The obvious answer is that such a holding would have been entirely unsatisfactory for a Court that was to play the strong role as the voice of the Constitution and of the American people that Chief Justice Marshall
and his brethren envisioned in Cohens.
Against this background, it is striking that Chief Justice Marshall
and Justice Story couched their canonical definitions of the term "case" in terms broad enough to encompass ex parte matters.
Interestingly, though Chief Justice Marshall
knew that there was considerable public relations value in providing a thoughtful interpretive rationale that included impressive citations to various respected authorities, some of his detailed opinions were crafted well after he reached his decision on the outcome of the cases.
In order to bolster the legal rationale for the United States' constitutional authority over Indians, Chief Justice Marshall
coupled the commerce clause with the "treaty clause" (44) to provide Congress with "all that is required for the regulation of our intercourse .
Finally, Professor Mary Lynch, the Director of the Domestic Violence Prosecution Hybrid Clinic and Co-Chair of the Kate Stoneman Committee will be introducing Chief Justice Marshall
ambiguous, but Chief Justice Marshall
Chief Justice Marshall
was more circumspect and less sympathetic toward efforts to defy Congress.
Although the American toleration for judicial dissent is often said to be a carryover from the practice of the British law lords in having each member of a panel read an individual decision, when Chief Justice Marshall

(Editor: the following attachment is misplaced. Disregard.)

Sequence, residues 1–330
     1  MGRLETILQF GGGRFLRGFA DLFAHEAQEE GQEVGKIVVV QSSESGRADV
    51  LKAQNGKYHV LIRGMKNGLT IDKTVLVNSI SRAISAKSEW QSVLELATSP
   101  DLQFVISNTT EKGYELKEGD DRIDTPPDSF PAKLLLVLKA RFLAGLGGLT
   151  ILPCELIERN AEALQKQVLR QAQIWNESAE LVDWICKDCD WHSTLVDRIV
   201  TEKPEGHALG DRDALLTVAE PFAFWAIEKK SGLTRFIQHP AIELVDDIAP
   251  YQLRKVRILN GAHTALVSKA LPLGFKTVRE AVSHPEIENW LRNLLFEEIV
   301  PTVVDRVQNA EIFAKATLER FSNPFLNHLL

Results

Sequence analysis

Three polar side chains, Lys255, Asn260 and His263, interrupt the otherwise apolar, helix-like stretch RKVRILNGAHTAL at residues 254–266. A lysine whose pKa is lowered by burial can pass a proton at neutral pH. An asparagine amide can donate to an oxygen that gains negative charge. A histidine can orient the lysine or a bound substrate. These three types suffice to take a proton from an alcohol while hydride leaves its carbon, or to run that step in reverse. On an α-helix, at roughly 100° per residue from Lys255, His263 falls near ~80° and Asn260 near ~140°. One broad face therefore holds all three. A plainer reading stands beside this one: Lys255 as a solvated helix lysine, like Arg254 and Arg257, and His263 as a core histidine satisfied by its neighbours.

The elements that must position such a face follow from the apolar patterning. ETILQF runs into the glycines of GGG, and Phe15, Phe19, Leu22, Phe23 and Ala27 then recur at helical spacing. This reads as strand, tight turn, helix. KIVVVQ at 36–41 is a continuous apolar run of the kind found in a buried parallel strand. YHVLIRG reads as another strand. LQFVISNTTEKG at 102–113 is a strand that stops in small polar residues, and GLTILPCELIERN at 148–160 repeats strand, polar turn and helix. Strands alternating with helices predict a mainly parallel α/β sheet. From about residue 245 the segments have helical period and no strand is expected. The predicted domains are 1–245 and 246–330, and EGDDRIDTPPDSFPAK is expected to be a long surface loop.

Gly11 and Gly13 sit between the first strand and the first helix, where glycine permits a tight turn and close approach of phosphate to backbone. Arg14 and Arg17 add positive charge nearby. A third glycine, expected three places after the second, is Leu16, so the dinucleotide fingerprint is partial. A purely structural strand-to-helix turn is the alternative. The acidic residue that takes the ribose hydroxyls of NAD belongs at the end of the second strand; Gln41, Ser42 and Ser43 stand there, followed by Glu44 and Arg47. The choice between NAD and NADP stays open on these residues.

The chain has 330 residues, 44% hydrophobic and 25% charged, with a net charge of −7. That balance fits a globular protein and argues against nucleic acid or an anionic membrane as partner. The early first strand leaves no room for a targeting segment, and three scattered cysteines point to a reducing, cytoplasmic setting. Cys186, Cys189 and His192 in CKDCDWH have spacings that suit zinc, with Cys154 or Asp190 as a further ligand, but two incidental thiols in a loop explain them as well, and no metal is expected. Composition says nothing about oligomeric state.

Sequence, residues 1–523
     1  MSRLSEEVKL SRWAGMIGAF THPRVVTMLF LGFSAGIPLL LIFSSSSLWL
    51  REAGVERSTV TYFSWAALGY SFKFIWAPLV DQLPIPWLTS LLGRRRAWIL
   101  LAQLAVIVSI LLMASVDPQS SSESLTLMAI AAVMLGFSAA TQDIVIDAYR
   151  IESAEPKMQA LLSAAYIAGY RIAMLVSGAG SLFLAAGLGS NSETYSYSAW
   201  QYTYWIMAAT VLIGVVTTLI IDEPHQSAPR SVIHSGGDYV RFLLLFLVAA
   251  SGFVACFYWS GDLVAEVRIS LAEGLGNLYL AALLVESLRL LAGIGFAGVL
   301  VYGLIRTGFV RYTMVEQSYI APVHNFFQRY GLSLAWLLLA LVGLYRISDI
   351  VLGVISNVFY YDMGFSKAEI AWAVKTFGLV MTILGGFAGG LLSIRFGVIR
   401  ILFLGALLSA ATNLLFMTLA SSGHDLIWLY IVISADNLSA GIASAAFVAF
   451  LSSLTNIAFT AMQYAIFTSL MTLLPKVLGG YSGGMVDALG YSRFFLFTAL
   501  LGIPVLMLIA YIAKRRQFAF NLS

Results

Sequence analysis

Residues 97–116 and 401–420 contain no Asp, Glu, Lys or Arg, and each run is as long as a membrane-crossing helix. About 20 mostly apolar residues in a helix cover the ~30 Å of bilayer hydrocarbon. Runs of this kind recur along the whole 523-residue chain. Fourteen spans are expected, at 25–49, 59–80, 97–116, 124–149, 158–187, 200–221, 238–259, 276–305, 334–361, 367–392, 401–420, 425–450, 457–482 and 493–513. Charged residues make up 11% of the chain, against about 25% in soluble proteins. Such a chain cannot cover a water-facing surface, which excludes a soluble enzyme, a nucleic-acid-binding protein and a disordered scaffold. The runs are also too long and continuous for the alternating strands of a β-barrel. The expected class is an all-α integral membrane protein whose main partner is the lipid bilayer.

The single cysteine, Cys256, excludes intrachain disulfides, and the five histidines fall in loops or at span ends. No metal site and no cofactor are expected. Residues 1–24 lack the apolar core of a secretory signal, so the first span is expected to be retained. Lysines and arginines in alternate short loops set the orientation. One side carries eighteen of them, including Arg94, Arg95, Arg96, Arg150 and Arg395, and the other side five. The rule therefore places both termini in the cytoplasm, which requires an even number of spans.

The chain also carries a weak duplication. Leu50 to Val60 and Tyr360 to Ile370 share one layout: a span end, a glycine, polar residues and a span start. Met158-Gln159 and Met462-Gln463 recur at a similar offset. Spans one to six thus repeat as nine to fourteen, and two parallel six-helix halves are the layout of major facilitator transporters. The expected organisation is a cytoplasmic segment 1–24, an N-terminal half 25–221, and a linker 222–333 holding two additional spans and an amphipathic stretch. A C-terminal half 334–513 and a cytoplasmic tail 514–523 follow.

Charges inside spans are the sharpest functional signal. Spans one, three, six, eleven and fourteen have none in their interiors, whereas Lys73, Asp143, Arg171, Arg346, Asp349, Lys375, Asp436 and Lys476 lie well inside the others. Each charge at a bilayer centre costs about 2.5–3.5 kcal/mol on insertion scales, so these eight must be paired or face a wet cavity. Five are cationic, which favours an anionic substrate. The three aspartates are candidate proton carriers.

enforced public unanimity, he was in fact following the existing practice of the highest English court available for cases from the colonies.
Chief Justice Marshall
, in depth of legal analysis and lasting significance, easily outdistance much of contemporary legal writing.
Surely, in the colorful, confident words of Chief Justice Marshall
in Marbury, such a proposition "is too extravagant to be maintained.
The case presented Chief Justice Marshall
, who had been appointed by President Adams, with a dilemma.
As Chief Justice Marshall
pointed out, the people of Maryland were represented in Congress as a part of the whole, but the rest of the nation was not represented in the Maryland legislature.
But the Supreme Court has consistently held, as Chief Justice Marshall
did, that jurors may be impartial without being ignorant.
A blue-ribbon panel of Massachusetts business and academic leaders, the Visiting Committee was appointed in August 2002 by Massachusetts Supreme Judicial Court Chief Justice Marshall
to provide an independent perspective on management in the state's courts and recommendations for improvement.
Accordingly, new appointees to the Supreme Court and the lower federal courts were presumably not as strongly committed to protecting the authority of the federal government as was Chief Justice Marshall